Friday, 29 May 2015

Galway 5K Series: Race 3 - Craughwell

Craughwell was back on the 5K series this year after being substituted by Maree last year. The route remained the same as before, starting at the National School and running down through the village before swinging left by the GAA pitch and left again around to the train tracks. Myself, Aisling and Yvonne headed out together and got in a pre-warmup selfie before running up and down the main road to get ready.

Myself, Ais and Yvonne

My goal for this race was to Sub 22, which would have involved knocking 5 seconds off per kilometre based on the previous race time. I forgot my headphones (second week in a row) so ended up running this one blind. My watch was bleeping every KM along the way but I wasn't really paying much attention to it, I just kept running. 

The finish line in Craughwell is around a corner and up a small hill (bit sly really) so I kinda happened on the finish line sooner than I thought I would. I crossed at 22:13 so knew I had beaten my previous run in Loughrea, so when my official chip time came in at 21:50, I was delighted! With 21s standing between my 2015 5K series times and last years, I'd three more 5K races left to kick some ass.

Ian, Yvonne, Myself & Elaine in our Runners for YesEquality t-shirts before the race

Myself and Brad

I also had the pleasure of meeting Matt Bidwell (from Fitness Analytics) before the race. His attitude and words of wisdom always stick with me - he recently said (which regards to a 5K race): If it ain't hurting, you aren't pushing yourself hard enough. Which really got me thinking, I don't know if its ever run hard enough that it hurt... Maybe I really need to up my game?

Friday, 22 May 2015

Dear Ireland, Just Say Yes!

May 22nd is finally here, that hashtag I've been using on everything Marriage Referendum related. First off I want to apologise to all my friends and family who I have neglected over the past few weeks. I know I've been a crappy friend, a neglectful brother, an absent partner - I've missed many cups of tea, many phone calls. I'm sorry if I didn't call you back or didnt text you when I really should have. 

My life has been turned completely upside down by the YesEquality campaign and while I'm looking forward to everything settling back down, I know the person I have become through this campaign is a stronger, more confident individual who knows how much love, support and sense of community is out there within the LGBT community. I have made more friends in the past few months than I had over the past five years and for that I'll always be grateful.

At Caher Castle in Craughwell with Daniel and Maria

It hasn't all been fun and laughs - over the past few months I've also seen a much more grim part of the world we live in. If you shine a torch on anything, you'll see the blemishes and cracks and Irish society is one of those things that appears pretty from a distance but look closely and you'll see how really horrible it can be.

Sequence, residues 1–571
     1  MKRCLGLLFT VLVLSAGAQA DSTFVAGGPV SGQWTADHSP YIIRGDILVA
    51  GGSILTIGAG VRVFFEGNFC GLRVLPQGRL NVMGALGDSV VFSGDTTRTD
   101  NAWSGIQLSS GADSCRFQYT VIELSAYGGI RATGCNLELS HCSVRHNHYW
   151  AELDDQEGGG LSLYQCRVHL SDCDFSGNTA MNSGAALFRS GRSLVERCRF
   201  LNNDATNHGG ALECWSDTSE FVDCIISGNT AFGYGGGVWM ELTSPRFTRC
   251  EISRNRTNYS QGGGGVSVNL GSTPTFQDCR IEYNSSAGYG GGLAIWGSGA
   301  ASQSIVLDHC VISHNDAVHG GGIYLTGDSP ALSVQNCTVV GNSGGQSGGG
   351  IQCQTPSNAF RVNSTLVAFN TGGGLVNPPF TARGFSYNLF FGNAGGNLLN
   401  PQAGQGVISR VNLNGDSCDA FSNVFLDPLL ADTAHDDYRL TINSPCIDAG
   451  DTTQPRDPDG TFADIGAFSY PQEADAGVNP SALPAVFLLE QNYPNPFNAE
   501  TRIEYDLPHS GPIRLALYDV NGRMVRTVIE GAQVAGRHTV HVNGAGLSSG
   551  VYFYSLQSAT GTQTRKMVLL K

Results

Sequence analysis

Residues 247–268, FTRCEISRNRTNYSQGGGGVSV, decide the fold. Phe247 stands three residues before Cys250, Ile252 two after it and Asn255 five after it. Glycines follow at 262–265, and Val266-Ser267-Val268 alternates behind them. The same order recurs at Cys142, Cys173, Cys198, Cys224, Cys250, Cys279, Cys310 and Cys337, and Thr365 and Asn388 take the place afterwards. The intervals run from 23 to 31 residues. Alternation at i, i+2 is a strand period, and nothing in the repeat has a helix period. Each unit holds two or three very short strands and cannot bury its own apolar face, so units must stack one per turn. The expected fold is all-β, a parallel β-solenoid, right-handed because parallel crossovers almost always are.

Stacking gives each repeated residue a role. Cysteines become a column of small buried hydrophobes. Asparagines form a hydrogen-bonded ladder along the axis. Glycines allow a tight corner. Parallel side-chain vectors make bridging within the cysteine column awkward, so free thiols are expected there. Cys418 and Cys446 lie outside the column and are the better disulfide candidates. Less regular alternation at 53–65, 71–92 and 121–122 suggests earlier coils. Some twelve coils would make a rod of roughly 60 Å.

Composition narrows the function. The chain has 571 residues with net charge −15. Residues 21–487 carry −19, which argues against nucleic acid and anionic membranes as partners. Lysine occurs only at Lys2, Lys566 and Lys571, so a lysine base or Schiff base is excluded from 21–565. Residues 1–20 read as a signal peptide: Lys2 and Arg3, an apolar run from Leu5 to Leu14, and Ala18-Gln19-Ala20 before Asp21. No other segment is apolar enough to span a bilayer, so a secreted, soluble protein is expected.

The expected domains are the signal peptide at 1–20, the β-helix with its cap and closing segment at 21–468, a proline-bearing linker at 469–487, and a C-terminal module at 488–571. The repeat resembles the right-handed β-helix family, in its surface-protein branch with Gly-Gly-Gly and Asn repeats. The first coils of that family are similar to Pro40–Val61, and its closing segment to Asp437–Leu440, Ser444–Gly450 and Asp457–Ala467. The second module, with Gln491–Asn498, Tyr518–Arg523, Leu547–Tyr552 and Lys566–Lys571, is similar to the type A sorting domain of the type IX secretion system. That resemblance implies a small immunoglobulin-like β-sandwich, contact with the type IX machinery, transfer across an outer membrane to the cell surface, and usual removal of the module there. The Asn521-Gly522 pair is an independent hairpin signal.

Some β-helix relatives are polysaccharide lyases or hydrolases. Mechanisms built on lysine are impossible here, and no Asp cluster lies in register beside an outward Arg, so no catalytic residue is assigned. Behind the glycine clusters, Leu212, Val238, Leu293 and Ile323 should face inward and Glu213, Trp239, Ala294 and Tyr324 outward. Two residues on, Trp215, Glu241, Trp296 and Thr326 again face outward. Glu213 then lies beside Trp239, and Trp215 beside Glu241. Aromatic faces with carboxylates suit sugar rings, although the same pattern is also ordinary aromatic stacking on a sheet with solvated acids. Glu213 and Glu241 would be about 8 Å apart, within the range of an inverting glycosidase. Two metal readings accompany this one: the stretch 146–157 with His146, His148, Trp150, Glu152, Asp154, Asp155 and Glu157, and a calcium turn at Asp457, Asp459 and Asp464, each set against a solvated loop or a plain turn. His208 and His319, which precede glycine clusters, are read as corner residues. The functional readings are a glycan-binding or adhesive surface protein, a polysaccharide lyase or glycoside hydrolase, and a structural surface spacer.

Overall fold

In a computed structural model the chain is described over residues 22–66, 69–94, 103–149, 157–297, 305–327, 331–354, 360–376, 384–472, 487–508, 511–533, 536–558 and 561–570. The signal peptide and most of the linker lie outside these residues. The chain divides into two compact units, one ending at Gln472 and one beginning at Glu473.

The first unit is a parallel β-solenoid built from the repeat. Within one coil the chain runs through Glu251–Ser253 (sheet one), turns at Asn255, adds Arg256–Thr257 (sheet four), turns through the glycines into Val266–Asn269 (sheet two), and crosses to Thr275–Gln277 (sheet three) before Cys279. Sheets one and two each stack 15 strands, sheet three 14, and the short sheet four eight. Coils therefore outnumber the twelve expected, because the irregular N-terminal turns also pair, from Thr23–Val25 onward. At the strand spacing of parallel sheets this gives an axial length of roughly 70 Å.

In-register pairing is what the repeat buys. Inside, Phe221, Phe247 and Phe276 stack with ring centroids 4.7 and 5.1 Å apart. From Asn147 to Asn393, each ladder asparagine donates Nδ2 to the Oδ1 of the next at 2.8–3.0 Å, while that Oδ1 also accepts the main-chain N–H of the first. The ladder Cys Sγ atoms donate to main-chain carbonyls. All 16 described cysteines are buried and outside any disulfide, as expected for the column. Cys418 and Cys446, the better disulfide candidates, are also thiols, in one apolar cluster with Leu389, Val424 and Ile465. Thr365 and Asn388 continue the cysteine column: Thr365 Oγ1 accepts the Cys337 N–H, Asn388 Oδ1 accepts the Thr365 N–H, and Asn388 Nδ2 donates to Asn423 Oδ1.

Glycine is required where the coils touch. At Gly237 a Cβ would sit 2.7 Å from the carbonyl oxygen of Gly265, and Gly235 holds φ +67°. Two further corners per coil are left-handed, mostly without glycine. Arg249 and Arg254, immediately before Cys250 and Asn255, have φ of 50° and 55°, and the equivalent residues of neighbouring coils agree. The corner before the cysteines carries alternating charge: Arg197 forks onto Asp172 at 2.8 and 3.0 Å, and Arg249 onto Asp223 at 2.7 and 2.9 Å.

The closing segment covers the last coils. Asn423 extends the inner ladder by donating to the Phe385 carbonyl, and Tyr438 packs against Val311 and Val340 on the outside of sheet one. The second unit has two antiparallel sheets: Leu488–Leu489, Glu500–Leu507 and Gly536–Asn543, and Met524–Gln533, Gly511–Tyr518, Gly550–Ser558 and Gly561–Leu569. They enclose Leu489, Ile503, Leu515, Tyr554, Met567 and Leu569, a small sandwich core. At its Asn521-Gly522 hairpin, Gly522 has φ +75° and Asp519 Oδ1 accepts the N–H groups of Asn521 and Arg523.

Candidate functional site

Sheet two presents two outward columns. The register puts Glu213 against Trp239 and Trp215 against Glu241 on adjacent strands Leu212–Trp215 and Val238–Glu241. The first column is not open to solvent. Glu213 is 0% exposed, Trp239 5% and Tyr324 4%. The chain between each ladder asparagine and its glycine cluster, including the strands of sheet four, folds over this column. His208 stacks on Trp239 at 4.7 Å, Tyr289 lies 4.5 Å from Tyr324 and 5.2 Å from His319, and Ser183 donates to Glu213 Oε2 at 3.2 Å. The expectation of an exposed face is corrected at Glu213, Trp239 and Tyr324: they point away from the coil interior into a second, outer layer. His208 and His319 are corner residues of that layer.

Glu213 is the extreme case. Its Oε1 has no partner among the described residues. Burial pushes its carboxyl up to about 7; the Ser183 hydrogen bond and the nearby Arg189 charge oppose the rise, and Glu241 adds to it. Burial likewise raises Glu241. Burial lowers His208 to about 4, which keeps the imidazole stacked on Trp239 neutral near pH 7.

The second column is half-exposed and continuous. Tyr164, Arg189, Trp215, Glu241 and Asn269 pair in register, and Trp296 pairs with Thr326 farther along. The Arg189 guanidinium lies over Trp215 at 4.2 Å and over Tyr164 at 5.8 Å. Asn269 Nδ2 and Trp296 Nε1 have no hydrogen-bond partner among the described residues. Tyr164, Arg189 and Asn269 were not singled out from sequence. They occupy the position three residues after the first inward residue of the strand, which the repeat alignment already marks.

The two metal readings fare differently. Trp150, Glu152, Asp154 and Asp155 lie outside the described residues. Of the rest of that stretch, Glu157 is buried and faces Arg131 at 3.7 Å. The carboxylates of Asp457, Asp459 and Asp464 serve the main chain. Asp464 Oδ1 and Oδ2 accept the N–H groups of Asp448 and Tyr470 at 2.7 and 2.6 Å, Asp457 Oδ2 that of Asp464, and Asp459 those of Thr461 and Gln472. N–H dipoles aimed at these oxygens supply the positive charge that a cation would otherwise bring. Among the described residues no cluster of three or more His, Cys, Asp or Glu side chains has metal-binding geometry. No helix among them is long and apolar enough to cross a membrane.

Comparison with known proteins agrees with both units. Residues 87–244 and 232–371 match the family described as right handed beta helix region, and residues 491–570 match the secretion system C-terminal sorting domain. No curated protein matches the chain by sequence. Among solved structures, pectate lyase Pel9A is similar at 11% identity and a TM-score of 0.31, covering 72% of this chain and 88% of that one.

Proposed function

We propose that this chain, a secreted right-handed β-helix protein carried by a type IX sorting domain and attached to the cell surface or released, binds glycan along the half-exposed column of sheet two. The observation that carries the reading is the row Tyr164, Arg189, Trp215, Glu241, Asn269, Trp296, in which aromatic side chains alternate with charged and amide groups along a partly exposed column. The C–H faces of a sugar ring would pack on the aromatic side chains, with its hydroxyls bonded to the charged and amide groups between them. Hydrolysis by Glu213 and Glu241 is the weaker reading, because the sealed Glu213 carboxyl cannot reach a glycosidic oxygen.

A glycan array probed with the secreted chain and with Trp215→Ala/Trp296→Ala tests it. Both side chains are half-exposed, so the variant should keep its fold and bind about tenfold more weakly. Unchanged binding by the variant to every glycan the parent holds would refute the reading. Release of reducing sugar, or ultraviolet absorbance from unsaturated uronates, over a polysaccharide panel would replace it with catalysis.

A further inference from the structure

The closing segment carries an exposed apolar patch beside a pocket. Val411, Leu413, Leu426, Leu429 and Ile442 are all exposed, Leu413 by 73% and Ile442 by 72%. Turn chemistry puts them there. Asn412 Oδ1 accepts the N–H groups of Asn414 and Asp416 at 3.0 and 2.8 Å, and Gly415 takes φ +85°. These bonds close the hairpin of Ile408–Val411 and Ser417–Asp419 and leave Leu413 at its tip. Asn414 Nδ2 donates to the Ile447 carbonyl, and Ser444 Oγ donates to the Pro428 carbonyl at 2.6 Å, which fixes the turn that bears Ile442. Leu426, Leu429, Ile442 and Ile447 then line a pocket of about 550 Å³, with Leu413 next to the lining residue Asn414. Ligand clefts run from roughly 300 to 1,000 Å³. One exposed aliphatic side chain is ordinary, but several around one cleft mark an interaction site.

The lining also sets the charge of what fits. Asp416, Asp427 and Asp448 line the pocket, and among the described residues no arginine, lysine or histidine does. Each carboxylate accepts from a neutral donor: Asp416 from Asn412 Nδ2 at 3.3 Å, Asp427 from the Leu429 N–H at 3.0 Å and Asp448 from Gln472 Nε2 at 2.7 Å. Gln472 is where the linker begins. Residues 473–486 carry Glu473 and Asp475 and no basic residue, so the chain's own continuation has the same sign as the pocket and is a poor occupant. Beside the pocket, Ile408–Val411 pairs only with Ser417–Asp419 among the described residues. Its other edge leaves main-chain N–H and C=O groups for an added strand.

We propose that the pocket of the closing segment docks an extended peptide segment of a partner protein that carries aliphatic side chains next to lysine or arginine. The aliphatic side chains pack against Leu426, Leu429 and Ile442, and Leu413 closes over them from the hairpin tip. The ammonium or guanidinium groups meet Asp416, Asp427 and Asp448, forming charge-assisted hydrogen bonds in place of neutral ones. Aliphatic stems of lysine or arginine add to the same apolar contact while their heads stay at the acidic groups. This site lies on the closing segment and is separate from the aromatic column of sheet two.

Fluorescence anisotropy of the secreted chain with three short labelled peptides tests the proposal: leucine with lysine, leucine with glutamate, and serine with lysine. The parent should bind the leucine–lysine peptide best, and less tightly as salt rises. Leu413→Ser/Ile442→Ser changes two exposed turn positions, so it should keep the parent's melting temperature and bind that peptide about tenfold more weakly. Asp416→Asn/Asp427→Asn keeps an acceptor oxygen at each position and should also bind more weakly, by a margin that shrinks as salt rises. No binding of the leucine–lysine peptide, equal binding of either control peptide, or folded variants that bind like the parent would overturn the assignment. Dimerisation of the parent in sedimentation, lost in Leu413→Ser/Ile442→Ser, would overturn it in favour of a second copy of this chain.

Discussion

Canvassing, street and going door to door has presented us face to face with what seems like other peoples latent issues which have been sitting just under the surface but have now reared their ugly head. I've had people sneer or laugh in the most condescending way when I've asked if I could count on their support in the voting booth. I've had a man shoo me away from his door like you would a stray dirty dog. I've been called a paedo and disgusting. One woman (last night) came up to me and said 'No no no... that's three no's for the three people in my house who think you are disgusting'.

These are only my experiences - I've had friends reduced to tears at a strangers doorstep, I've had friends who have had to stop canvassing as the strain was affecting their mental health. Everyone you ask will have different stories of different ways they've been hurt by strangers while going around basically asking if they can acknowledge the love they have for someone else. That's all.

The next 36 hours are going to be torture, while we wait to see if Ireland has said yes - yes to love and equality (that's all). This is my last attempt to encourage you (yes you reading this) to go out and vote. This isn't plain sailing or a guaranteed victory. If you had spent one night out canvassing you'd see why your vote is important. There are so many No's out there that we need each and every one of the Yes's to turn up and vote today.

The thing is, if this referendum passes EVERYTHING changes for every LGBT person and children of LGBT couples around the country. We become equal. For the No side, nothing changes only the definition of what constitutes a family. This does not affect them in any other way. If this referendum doesn't pass, nothing changes for the No side while every LGBT person and the children of LGBT couples remain unequal.

The polls open at 7am - make the effort to go out and vote today, do you bit for the future of this country. Lets help heal the cracks in Irish society, for me, for you, for future generations. 

With some of the 48 amazing canvassers in Ennis on Wednesday night

With the Runners for YesEquality

Wednesday, 6 May 2015

Galway 5K Series: Race 2 - Loughrea

I'm starting to think the skies know when I am about to go for a run these days as yet again, after looking out the office window at clear skies all day, We headed to Loughrea for the 2nd run of the Galway 5K series in the rain. 

<insert inspirational quote about not having rainbows without the rain>

Myself and Aisling arrived in Loughrea before 7:30 and after a few minutes warm-up, we made our way to the Start Line where we met up with the usual suspects :) Last night was a lot more relaxed than Athenry last week as everyone had their timing chips and the rain had subsided which lead to a few nice chats before we were rounded up like a herd behind the starting mat - The mat was shorter than the road so after a tight squeeze, we took off at 8 on the button.

Myself, Brad and Paula before the Start

This years Loughrea route was different to previous years - two loops of the town which lead to a flatter, nicer course. I'm still not sure how I feel about passing the finish line half way through a race but anyway... We ran though the rain & wind and I don't know if it was because of that or the fact I'd forgotten my earphones but the run definitely felt more laboured - listening to other people gasp for air certainly isn't music to my ears and made the run feel longer. I missed the input of fizzy pop music right into my ears - I usually judge distances while running in terms of number of songs e.g "this is the last song, so make it count".